There’s a Hidden Organ In Our Eyes?

Senior Contributor
05.10.11 2 Comments

It’s baffled blindness researchers for years: why are Helen Keller jokes so funny?

Also, they’ve wondered how some blind people, despite not being able to see, still have accurate circadian rhythms. Circadian rhythms dictate sleep, hormones, and other important functions and are based off of light, which blind people were assumed to be unable to detect. So how do they have the same schedules as people with vision?

The answer? Special neurons in the eyes that detect light on their own. They do work with the rods and cones, and transmit visual data, but their primary job is to detect blue light.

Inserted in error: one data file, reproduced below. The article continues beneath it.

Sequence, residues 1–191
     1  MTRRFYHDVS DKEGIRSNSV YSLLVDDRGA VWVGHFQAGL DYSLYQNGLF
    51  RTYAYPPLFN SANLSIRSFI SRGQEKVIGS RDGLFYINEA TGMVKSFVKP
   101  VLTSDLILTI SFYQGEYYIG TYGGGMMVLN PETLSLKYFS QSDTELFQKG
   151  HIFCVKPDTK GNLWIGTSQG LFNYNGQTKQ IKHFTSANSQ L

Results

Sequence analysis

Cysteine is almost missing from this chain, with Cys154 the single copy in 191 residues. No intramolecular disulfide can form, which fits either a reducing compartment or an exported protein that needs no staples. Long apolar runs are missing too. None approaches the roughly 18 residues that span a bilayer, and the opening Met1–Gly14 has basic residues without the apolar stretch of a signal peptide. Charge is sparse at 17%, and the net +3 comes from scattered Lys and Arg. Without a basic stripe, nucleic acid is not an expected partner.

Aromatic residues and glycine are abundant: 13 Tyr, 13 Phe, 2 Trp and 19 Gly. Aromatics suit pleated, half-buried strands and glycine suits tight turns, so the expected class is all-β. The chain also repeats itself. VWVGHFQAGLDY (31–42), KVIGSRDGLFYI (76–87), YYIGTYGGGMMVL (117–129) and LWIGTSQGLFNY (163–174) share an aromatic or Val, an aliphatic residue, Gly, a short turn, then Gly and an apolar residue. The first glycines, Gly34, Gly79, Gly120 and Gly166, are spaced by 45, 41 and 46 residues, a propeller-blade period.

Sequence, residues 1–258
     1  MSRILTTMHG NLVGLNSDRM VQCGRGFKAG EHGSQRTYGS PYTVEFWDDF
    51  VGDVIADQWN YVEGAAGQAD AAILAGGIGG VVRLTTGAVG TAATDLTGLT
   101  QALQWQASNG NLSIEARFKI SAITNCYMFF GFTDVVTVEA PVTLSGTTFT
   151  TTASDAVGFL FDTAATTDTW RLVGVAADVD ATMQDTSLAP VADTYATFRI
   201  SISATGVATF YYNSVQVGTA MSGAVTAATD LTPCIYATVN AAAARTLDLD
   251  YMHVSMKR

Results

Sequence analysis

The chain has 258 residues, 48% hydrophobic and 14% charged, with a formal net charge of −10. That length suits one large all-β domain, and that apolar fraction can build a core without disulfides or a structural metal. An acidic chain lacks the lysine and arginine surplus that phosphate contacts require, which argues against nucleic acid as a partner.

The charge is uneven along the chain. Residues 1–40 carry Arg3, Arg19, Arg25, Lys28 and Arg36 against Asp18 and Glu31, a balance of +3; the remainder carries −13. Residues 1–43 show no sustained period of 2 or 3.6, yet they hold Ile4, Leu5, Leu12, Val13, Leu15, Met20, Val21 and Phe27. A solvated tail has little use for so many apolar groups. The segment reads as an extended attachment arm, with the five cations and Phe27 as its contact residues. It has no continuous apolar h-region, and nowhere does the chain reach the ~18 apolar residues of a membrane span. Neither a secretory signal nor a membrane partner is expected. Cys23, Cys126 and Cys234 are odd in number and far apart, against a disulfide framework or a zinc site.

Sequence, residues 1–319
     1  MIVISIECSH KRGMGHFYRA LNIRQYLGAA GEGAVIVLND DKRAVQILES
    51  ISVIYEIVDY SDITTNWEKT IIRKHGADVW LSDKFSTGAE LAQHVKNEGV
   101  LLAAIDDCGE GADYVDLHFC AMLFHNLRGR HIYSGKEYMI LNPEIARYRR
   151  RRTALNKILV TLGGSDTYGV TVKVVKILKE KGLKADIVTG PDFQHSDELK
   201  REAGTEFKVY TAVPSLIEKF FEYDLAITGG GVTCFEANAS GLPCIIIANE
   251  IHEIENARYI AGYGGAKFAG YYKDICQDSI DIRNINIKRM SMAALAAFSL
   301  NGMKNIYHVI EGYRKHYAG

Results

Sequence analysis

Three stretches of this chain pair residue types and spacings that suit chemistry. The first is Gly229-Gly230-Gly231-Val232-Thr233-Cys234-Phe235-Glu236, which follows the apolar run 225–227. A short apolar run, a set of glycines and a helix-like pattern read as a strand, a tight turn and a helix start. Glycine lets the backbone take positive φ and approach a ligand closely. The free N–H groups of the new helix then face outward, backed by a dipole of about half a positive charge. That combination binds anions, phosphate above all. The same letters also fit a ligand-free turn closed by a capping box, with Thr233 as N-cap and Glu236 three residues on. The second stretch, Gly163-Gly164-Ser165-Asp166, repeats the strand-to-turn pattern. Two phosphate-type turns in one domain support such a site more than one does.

Why is this such a big deal? It helps us understand diseases like Seasonal Affective Disorder and a host of sleeping disorders. We might be on the verge of more effective treatments for these problems.

Also, now we can finally combine Helen Keller jokes with science. Why did Helen Keller miss her appointment? Because her circadian rhythms had been disrupted by the blue light shined in her eyes by her parents!

OK, maybe that one needs work.

[ via the sightseers at Scientific American ]

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